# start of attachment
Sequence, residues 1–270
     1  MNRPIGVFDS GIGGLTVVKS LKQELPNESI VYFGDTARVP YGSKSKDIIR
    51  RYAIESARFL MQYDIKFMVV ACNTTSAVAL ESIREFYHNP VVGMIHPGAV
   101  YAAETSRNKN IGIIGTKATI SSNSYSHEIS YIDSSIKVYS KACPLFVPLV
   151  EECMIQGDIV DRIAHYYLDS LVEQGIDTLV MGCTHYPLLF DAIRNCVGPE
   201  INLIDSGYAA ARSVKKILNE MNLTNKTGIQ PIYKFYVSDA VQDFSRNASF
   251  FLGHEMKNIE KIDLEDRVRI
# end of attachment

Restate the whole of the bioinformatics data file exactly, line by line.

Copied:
Sequence, residues 1–270
     1  MNRPIGVFDS GIGGLTVVKS LKQELPNESI VYFGDTARVP YGSKSKDIIR
    51  RYAIESARFL MQYDIKFMVV ACNTTSAVAL ESIREFYHNP VVGMIHPGAV
   101  YAAETSRNKN IGIIGTKATI SSNSYSHEIS YIDSSIKVYS KACPLFVPLV
   151  EECMIQGDIV DRIAHYYLDS LVEQGIDTLV MGCTHYPLLF DAIRNCVGPE
   201  INLIDSGYAA ARSVKKILNE MNLTNKTGIQ PIYKFYVSDA VQDFSRNASF
   251  FLGHEMKNIE KIDLEDRVRI